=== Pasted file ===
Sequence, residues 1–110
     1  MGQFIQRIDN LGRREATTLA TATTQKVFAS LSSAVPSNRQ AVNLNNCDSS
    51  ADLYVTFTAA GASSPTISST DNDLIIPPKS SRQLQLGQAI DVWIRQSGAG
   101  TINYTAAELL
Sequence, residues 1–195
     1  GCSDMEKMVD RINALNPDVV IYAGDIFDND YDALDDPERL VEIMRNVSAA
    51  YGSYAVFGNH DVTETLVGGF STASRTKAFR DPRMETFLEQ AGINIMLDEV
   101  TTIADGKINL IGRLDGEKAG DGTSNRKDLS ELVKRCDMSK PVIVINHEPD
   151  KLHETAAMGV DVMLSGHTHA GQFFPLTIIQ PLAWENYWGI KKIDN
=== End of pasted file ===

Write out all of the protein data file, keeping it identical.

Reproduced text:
Sequence, residues 1–110
     1  MGQFIQRIDN LGRREATTLA TATTQKVFAS LSSAVPSNRQ AVNLNNCDSS
    51  ADLYVTFTAA GASSPTISST DNDLIIPPKS SRQLQLGQAI DVWIRQSGAG
   101  TINYTAAELL
Sequence, residues 1–195
     1  GCSDMEKMVD RINALNPDVV IYAGDIFDND YDALDDPERL VEIMRNVSAA
    51  YGSYAVFGNH DVTETLVGGF STASRTKAFR DPRMETFLEQ AGINIMLDEV
   101  TTIADGKINL IGRLDGEKAG DGTSNRKDLS ELVKRCDMSK PVIVINHEPD
   151  KLHETAAMGV DVMLSGHTHA GQFFPLTIIQ PLAWENYWGI KKIDN